• Resources Every WordPress Theme Developer Should Know About! | Arbenting – A comprehensive list of resources for WordPress Theme development.
  • YouTube Videos Pull In Real Money – NYTimes.com – Many have long claimed that the only profitable type of online video content was repurposed TV shows/films or other "professionally produced" content. This article give several examples dispelling that myth and showing that the online video audience and business has reached a point where even so-called amateurs can make real money. For example, Michael Buckley is making >$100k/year from his homegrown entertainment news show "What the Buck?" purely through YouTube's partner program.
  • Op-Ed Contributors – The End of the Financial World as We Know It – NYTimes.com – Comprehensive (if not revelatory) overview of some of the primary drivers of the financial bubble and resulting collapse by Michael Lewis and David Einhorn. Puts things like the failures of the ratings agencies and the greed of financial services company shareholders, which have been examined more deeply on their own, into the broader context of our current hindsight.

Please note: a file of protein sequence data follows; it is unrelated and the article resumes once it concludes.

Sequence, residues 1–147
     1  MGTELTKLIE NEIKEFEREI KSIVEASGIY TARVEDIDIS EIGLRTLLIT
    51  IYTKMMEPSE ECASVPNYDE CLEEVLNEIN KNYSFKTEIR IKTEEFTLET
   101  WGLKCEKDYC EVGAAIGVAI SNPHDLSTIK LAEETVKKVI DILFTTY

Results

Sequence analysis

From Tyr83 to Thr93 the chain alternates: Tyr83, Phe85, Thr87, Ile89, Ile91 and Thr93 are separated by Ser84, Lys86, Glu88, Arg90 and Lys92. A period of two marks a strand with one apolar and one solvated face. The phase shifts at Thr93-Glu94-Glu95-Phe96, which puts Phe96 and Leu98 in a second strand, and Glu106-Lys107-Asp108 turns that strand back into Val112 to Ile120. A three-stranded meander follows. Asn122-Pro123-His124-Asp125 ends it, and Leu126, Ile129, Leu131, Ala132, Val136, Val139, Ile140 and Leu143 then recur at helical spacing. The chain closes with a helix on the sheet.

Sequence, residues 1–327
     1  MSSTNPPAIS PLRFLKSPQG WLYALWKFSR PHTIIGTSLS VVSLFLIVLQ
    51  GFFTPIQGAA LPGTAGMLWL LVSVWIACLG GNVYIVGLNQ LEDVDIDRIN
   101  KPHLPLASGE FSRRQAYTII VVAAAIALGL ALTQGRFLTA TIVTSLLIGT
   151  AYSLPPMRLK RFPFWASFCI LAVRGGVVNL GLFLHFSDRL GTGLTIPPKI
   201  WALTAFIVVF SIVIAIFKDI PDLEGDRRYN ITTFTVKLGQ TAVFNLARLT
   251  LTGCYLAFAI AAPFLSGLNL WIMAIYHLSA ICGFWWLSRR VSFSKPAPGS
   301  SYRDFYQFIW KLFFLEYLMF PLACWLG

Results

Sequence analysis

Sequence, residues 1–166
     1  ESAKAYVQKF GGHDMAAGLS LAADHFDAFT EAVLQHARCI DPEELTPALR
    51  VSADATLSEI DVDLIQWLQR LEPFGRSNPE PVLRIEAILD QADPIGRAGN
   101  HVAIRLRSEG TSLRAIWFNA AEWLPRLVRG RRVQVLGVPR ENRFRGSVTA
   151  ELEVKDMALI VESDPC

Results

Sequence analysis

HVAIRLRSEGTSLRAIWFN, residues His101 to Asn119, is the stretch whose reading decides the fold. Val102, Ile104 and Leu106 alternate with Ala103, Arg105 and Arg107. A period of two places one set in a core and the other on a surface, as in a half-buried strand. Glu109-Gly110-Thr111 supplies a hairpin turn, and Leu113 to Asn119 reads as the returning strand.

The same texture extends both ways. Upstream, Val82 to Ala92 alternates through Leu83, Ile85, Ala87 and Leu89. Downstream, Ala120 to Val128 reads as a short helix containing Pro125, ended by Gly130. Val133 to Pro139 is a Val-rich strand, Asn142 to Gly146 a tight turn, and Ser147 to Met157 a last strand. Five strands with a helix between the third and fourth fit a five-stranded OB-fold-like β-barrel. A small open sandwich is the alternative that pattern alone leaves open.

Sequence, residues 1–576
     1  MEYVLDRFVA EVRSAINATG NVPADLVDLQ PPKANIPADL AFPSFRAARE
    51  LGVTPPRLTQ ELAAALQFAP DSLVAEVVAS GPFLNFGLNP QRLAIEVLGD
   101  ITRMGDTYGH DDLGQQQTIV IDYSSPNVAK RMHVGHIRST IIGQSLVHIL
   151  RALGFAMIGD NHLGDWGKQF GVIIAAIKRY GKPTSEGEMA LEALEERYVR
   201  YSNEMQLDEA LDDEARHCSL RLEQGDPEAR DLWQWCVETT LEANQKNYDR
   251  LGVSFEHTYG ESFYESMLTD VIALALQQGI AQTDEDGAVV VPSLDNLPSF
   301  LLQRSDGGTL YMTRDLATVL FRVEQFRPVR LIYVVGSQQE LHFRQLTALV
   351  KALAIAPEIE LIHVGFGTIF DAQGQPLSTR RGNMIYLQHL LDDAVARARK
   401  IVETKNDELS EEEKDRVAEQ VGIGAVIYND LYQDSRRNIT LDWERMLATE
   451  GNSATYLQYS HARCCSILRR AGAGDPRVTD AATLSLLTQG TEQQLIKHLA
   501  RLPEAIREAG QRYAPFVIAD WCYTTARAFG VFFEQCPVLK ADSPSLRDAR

• YouTube Is Changing How We Think About Video | Techdirt – "The power of YouTube is that it enables something entirely new and different to emerge and to thrive. In the history of disruptive innovations, merely taking a product from one medium and moving it to another usually doesn't get very far. It's the projects that really embrace the new possibilities that are only possible via that new medium that really make an impact."